Electricity and Medicine
Used successfully by many of the world's top athletes,
the Tendonworks™ unit is now widely available.
Synapse Article: Electricity and Medicine
When electricity first made its existence known to man such was its impact that Royal Society Fellows competed with showmen to demonstrate its wonders to the world. It was literally an entertainment fit for Kings and Queens and proved to be so when the in early eighteenth Century French scientist Nollé established its fascination to the King of France by passing a static charge of electricity along the line of two hundred French soldiers making them all involuntarily jump up in the air to great hilarity to on-lookers and considerable discomfort to the soldiers. Keeping with the royal theme it was Queen Elizabeth's I physician, a man called William Gilbert who first coined the phrase electricity in the early 1600's. The word electricity's origins, now so regularly used in international language, can be traced to the Greek word for Amber, electron. At this time it was believed that the entity belonged to the world of mineralogy and could not be made artificially by man - how little did they know or suspect!
It was a man called Francis Hawksbury, who was an apprentice to the great Isaac Newton and a former pupil of another great scientist Robert Boyle; the Robert Boyle who came up with Boyles law on gases and pressure. However, perhaps the most relevant thing to know about Hawksbury is not the illustrious company that he kept but his other occupational interest. As well as being a great scientist in the making Hawksbury was also a skilled draper. In those days that meant being skilled with handling cloth, without the mechanised mod cons of today, which meant that Hawksbury understood all about friction. For, example he would know that if wool was over handled or rubbed against the wrong work surface every piece of free floating dust, dirt, feathers or any other small debris would 'stick' to the cloth with the persistence of a leech to a leg.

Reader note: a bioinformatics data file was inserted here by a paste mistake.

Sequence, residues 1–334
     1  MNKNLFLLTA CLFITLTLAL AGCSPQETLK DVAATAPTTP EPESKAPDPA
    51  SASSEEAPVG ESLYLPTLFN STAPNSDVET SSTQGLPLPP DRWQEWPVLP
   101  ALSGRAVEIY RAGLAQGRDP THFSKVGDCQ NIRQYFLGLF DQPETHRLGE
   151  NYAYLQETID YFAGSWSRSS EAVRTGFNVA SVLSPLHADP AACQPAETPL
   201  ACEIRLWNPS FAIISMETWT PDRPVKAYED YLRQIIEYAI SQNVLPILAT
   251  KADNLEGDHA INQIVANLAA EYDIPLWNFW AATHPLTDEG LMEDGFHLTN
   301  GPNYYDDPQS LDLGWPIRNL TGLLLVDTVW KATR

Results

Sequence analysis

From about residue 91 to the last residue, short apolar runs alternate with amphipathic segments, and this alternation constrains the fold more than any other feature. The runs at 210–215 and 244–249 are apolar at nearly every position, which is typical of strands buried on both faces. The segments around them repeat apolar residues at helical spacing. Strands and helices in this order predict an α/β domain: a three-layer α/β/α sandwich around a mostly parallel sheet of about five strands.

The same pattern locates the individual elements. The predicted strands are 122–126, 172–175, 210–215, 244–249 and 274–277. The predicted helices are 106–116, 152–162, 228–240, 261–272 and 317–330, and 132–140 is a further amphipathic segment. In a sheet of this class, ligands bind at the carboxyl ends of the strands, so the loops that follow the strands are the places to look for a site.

By 1710 artificial electricity as it was referred to was known about. If a barometer tube, a thin glass tube with mercury in the bottom, was rubbed violently the space above the mercury would glow. However, Hawksbury went one step further and reported that not only did it glow but also it would repel and attract certain nearby objects, so although he did not know or appreciate it at the time, rather like the young and their youth, he had made a connection between electricity and magnetism.
Nowadays electricity is an accepted part of modern living but when it comes to modern medicine its potential has been somewhat over looked.
However, the return to the racing track of a racehorse in Great Britain called Be My Royal marks another page in the remarkable success Dr David Chapman- Jones has achieved in treating racehorses, elite athletes and other patients with tendon and other soft-tissue related problems with treatments based upon this very phenomenon. Trained at the Queens Medical Centre, Nottingham specialising in Sports and Exercise Medicine, Dr Chapman-Jones pioneered a new treatment that significantly changes the manner in which the body heals itself. It is a new direction for the clinical management of this type of pathology that triggers and accelerates the regenerative not reparative process which appears to be the key to a quick return to full function.